The production of some seemingly innocuous items, such as gold jewelry, can be incredibly destructive. For example, the gold rings exchanged by couples during weddings require the processing of tons of ore, most likely by cyanide leaching. Worldwatch researcher John Young calculated that to create a pair of gold wedding rings, the ore processed is the equivalent of a hole in the ground that is 10 feet long, 6 feet wide, and 6 feet deep. Fortunately for the newlyweds, this hole is in someone else's backyard. So, too, is the cyanide used to separate the gold from the ore.6
All the figures just cited are global averages, but the use of materials—like that of energy and food—varies widely among societies. For example, steel production per person in the United States totals 352 kilograms annually; in China, it is 98 kilograms, and in India, just 24 kilograms.7
The processing of vast quantities of ore to produce metals is polluting local air and water. The energy use, the physical disruption of the land, and the pollution associated with processing ever growing quantities of ore are becoming less and less acceptable.
The sheer size of the materials economy is not only physically disruptive, it also uses vast quantities of energy. In the United States, the steel industry alone uses as much electricity as the country's 90 million homes.8
Building an eco-economy depends on restructuring the materials economy because—like the energy economy—it is in conflict with the earth's ecosystem. Architect William McDonough and chemist Michael Braungart talk about doing this. They describe an economy that is regenerative rather than depletive, one whose products "work within cradle-to-cradle life cycles rather than cradle-to-grave ones." In effect, this redesign means replacing the current linear flow-through model with a circular model that emulates nature, one that closes the loop. It means replacing mining industries with recycling industries, a step that will allow a mature, industrial economy with a stable population to live largely on the materials already in use.9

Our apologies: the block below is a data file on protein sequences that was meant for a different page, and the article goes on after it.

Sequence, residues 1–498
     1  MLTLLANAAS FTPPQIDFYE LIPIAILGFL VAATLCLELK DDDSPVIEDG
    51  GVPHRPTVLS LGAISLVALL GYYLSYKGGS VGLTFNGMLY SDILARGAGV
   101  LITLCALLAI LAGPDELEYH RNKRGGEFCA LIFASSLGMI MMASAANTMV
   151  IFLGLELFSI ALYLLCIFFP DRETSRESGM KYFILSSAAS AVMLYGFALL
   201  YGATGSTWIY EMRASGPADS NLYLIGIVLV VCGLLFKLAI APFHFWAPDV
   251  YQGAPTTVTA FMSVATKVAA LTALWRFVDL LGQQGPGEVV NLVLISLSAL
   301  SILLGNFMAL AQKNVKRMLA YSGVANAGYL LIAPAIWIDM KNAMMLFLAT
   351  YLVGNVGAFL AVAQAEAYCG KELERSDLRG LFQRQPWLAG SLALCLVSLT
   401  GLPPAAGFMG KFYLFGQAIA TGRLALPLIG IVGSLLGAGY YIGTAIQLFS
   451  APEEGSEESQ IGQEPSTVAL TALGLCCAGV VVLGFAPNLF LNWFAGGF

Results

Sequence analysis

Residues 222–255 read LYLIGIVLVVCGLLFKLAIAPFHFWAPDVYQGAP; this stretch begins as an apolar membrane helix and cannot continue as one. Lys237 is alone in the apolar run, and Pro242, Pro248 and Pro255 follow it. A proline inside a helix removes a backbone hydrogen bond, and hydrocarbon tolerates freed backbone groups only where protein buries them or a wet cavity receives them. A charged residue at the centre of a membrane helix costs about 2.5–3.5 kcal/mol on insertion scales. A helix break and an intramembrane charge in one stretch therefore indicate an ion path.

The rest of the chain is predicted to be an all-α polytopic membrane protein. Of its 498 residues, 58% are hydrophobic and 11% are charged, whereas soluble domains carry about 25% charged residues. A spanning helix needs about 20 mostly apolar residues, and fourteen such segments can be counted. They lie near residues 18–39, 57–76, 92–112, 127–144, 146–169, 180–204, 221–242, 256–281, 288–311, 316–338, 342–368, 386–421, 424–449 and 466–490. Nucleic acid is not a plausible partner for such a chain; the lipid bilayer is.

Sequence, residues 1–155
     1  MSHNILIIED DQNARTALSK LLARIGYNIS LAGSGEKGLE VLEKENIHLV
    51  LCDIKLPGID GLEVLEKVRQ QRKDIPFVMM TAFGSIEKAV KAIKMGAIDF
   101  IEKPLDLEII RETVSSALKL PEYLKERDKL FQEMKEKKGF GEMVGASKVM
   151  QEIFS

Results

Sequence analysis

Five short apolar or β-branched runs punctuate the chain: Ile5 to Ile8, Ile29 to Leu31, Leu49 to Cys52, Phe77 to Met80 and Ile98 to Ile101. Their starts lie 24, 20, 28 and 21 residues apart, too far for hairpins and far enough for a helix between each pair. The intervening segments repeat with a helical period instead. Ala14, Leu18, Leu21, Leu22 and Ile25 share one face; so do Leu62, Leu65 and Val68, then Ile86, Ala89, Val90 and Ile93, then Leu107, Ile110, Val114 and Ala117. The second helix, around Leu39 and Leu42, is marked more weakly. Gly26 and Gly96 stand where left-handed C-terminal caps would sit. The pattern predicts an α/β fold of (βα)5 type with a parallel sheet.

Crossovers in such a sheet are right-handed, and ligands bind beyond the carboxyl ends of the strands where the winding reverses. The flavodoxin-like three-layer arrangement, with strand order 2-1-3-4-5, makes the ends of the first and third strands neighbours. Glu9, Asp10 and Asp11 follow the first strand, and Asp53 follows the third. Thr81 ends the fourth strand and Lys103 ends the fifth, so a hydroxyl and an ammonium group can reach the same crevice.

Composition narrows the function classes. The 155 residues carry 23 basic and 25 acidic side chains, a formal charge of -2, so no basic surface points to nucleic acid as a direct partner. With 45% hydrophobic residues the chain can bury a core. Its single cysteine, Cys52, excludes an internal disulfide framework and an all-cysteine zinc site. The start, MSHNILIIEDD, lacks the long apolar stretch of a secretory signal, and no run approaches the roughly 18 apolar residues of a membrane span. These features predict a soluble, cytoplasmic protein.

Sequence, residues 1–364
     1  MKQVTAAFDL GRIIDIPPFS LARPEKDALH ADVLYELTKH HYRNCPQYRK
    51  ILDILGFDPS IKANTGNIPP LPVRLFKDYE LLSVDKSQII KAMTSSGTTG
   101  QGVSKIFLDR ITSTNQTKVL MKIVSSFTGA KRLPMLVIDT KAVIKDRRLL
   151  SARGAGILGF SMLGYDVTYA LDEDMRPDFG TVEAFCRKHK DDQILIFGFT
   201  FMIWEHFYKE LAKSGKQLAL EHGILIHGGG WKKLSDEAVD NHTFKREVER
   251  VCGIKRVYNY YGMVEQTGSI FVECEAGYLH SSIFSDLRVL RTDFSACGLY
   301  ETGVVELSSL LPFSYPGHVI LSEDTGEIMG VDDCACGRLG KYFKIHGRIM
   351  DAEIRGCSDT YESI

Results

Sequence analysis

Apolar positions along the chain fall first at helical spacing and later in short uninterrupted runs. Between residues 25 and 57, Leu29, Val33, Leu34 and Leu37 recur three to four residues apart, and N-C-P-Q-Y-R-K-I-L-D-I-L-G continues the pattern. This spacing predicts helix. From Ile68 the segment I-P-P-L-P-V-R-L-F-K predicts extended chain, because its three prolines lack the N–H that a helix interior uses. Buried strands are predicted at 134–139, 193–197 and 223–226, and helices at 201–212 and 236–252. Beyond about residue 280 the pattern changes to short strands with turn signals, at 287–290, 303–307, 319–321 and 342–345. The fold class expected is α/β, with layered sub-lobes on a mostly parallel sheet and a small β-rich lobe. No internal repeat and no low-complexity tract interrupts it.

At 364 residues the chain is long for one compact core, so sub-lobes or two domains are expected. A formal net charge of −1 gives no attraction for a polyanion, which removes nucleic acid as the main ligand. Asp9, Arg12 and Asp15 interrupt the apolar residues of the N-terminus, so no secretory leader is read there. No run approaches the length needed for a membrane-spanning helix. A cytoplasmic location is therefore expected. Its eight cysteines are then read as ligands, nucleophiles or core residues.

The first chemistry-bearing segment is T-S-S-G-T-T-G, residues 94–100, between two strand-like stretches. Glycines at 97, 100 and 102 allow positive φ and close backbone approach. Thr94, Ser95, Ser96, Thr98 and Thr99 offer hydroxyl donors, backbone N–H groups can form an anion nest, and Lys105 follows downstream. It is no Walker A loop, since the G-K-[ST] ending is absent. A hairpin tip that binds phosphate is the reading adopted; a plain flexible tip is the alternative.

1. Eric Lipton, "The Long and Winding Road Now Followed by New York City's Trash," New York Times, 24 March 2001.
2. Paper from U.S. Environmental Protection Agency, "Municipal Solid Waste Generation, Disposal and Recycling in the United States, Facts and Figures for 1998," source data and fact sheet (Washington, DC: April 2000).
3. Lipton, op. cit. note 1.
4. U.S. Department of the Interior, U.S. Geological Survey (USGS), Mineral Commodity Summaries 2001 (Washington, DC: 2001); stone, sand and gravel, and clays from John E. Young, Mining the Earth, Worldwatch Paper 109 (Washington, DC: Worldwatch Institute, July 1992); fossil fuels in oil equivalent, from BP, BP Statistical Review of World Energy 2001 (London: Group Media & Publications, June 2001); wood figures from Emily Matthews et al., Pilot Analysis of Global Ecosystems: Forest Ecosystems (Washington, DC: World Resources Institute, 2000), pp. 27, 39.
5. Steel and iron ore production from USGS, op. cit. note 4; United Nations, World Population Prospects: The 2000 Revision (New York: February 2001).
6. John E. Young, "For the Love of Gold," World Watch, May/June 1993, pp. 19-26.
7. International Iron and Steel Institute (IISI), "The Major Steel Producing Countries," www.worldsteel.org, viewed 21 May 2001; United Nations, op. cit. note 5.
8. Hal Kane, "Steel Production Falls," in Lester R. Brown et al., Vital Signs 1993 (New York: W.W. Norton & Company, 1993), p. 76.
9. William McDonough and Michael Braungart, "The NEXT Industrial Revolution," The Atlantic Monthly, October 1998, p. 88.
Copyright © 2001 Earth Policy Institute